What is Genetic Testing for Children?

The purpose of genetic testing for children is to understand more about a child’s genetic health. Screening may identify their potential risk for developing a rare disease, it may identify them as a potential carrier of a genetic or chromosomal mutation, or it may confirm a rare disease diagnosis.

Before birth

Prenatal genetic testing and screening can identify the presence of specific rare diseases in children before they are born, or identify their risk of potentially being born with one. 

One of the most common is prenatal screening that takes place during the first trimester of pregnancy. Blood samples from the Mother are combined with ultrasound measurements (nuchal translucency testing) from the unborn children, to identify the child’s risk for Down syndrome

Other types of testing include amniocentesis, and chorionic villus sampling, which are able to identify some types of rare disease from a sample of the amniotic fluid surrounding the baby in order to better understand the genetic health of the child she is carrying. 

New types of non-invasive genetic testing, involving sampling the Mother’s blood, can also reveal more about a child’s potential genetic health, before they are born.

After birth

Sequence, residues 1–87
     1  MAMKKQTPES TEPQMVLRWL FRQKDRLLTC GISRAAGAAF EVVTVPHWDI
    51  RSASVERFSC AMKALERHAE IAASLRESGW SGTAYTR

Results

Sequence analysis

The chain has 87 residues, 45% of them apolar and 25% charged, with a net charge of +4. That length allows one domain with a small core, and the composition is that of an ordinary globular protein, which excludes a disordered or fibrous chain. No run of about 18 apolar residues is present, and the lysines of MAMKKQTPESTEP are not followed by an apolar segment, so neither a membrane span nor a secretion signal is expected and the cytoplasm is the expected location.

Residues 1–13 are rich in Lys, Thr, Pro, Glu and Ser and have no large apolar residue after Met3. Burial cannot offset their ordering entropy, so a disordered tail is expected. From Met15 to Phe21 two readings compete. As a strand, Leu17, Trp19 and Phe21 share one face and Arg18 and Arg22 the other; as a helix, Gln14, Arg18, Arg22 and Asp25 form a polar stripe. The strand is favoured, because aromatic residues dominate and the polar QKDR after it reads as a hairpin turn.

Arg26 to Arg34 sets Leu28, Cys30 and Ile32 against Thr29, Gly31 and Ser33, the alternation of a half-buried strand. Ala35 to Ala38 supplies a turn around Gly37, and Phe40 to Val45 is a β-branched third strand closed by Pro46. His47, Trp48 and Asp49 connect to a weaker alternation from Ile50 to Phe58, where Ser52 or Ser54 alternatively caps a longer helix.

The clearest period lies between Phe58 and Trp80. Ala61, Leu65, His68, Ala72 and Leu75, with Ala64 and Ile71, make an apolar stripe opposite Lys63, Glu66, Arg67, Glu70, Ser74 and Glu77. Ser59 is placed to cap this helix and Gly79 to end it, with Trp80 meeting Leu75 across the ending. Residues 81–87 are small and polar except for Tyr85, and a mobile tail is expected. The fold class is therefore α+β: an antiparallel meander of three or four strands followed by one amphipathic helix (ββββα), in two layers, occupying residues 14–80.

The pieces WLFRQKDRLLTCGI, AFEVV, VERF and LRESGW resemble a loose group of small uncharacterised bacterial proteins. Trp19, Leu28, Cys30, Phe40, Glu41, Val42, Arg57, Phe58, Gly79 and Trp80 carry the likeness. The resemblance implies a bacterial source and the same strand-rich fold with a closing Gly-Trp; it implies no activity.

Genetic testing for children after birth, includes standardized newborn screening tests that are performed right after birth, and tests for hypothyroidism (underactivity of the thyroid gland), PKU (phenylketonuria), galactosemia, and sickle cell disease. 

Genetic testing, involving blood sampling, might also be conducted if a child shows any birth defects or symptoms of a genetic syndrome at birth or just after. This will be recommended in the context of their family medical history, and any results from their Mother’s prenatal screening as well which sometimes might trigger the need for future testing. 

Why might genetic testing for children be recommended?

Before birth

Genetic testing might be recommended before a child is born, depending on the following factors:

  1. Age of the parents– both increased maternal and paternal age come with their own increased risk for rare diseases. Increased maternal age may increase the risk of chromosomal conditions, such as Down syndrome. Increased paternal age may increase the risk of new genetic mutations, inherited in a dominant pattern. 
  2. An abnormal or unexplainable result during standard pregnancy screening– if, first trimester screening for Down syndrome identifies a higher than average risk, then a pregnant women may be referred for more invasive genetic screening, such as amniocentesis, in order to get a clearer, more accurate picture of her child’s future health. 
  3. Rare disease diagnosed in a close family member- depending on how their rare disease is inherited, their diagnosis may place as yet unborn children, at greater risk for developing the same condition. Also if either, or both, parents have been identified as carriers of specific genetic mutations, this may place their own future children at greater risk for developing the condition or carrying the mutation also.